Throughout ‘‘To Kill a Mockingbird’’ Harper Lee has achieved a strong sense of right and wrong through her narrative of a few years in a poor town, Maycomb, from the perspective of a young girl called Jean Louise Finch. Throughout the novel the themes growing up, education, stereotyping and most prominently racism and prejudice are central as Harper Lee writes about a time in America, the 1930’s, when black segregation was still a huge problem. These themes are all raised from the very first chapter, where we are introduced to many characters, such as the imaginative Dill and the mysterious Boo Radley, both who play a key part in the events of the stories to come. At this very early stage of the novel Harper Lee also begins to set the scene of Maycomb town which is an old and struggling from the Depression allowing the reader to understand the attitudes that some of the citizens have and the idea that it’s a community where there are no secrets.
The very first sentence is very important to the structure of the novel. From this first sentence we learn that the narrator has a brother called Jem and he broke his arm when he was nearly thirteen. This early mention of an injury provides a sense of mystery because the reader immediately wants to know how Jem’s arm was broken. However Harper Lee doesn’t give us an explanation until the very end of the novel, in the last chapter after Scout and Jem have been attacked by Mr Ewell giving the novel a cyclic structure. The story begins where it ends. This enables Harper Lee to explain the events leading up to the accident in the following paragraphs so she can establish the history of the Finch family, which at this point doesn’t seem of great importance to the reader but as the novel continues provides explanations to the neighbours attitudes towards Scout, her brother and her father Atticus as the Finch family is well respected in Maycomb.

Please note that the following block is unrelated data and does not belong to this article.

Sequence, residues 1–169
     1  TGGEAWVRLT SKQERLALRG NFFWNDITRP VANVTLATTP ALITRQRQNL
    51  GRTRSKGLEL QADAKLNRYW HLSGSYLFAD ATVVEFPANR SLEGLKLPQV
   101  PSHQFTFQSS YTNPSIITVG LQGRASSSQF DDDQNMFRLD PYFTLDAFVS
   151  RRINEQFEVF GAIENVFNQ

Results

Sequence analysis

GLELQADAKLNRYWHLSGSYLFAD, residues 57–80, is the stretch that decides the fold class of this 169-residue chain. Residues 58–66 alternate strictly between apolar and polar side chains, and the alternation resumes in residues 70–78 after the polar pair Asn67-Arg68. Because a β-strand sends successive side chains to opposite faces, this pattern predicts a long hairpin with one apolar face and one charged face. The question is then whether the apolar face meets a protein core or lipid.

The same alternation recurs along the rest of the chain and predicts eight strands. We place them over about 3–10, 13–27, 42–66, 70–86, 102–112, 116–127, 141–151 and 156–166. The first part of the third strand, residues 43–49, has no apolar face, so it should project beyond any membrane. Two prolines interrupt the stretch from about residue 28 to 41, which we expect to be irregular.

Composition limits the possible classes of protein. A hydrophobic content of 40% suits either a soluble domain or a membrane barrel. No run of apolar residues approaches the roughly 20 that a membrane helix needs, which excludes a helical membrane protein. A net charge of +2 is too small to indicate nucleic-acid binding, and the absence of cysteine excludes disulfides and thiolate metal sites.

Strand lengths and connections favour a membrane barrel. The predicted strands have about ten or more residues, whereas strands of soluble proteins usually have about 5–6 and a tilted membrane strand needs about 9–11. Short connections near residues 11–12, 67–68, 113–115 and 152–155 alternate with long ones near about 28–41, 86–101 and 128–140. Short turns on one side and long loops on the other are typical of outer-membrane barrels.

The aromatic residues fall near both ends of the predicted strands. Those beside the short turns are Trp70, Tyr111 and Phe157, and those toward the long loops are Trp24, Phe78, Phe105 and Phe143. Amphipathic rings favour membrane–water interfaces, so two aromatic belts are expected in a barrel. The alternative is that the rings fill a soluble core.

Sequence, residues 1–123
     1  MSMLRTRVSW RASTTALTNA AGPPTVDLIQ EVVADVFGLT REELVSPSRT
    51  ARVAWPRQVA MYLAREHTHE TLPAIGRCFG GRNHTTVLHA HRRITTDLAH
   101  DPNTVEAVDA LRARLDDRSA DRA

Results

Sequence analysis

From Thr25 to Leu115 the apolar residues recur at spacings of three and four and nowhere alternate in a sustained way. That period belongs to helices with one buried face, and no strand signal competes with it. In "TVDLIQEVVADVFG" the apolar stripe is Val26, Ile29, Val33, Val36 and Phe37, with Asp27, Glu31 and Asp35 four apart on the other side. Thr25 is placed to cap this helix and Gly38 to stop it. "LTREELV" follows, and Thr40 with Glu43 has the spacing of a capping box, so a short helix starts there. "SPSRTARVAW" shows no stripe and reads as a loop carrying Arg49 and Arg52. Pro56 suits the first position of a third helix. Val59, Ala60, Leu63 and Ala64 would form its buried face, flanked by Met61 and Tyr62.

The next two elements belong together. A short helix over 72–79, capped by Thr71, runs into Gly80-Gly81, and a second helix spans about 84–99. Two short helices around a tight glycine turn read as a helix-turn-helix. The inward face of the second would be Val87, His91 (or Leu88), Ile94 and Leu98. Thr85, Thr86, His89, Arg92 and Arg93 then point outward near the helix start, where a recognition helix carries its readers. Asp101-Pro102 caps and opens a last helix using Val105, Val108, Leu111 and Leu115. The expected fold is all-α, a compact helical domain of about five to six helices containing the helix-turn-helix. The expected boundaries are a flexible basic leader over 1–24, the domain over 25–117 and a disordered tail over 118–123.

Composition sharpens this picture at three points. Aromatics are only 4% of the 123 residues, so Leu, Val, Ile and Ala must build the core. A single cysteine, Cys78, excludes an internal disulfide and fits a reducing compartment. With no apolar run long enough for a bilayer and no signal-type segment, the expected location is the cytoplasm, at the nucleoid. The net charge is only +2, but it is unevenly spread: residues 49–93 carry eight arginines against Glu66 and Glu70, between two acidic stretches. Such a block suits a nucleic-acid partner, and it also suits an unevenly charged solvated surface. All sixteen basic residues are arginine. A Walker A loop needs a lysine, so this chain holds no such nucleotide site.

Scout describes her brothers healed left arm as ‘somewhat shorter than his right’ illustrating that even after mending it wasn’t perfect. Harper Lee informs us early on of this imperfection that Jem will have for the rest of his life. In chapter nineteen at the trial we learn of another man who has a bad arm, Tom Robinson, a negro who has been accused of raping Mayella Ewell had ‘a rubber-like left hand’, giving the impression of a useless, limp hand. Jem and Tom Robinson have a similarity which Harper Lee has cleverly added as it connects the two characters who socially shouldn’t mix as one is white and the other black. By doing this Harper Lee prepares us to be appalled by the unfair verdict of the trial because as a reader it is clear that Tom was unable to commit the crime since his left hand was useless and him being black meant that he was accused.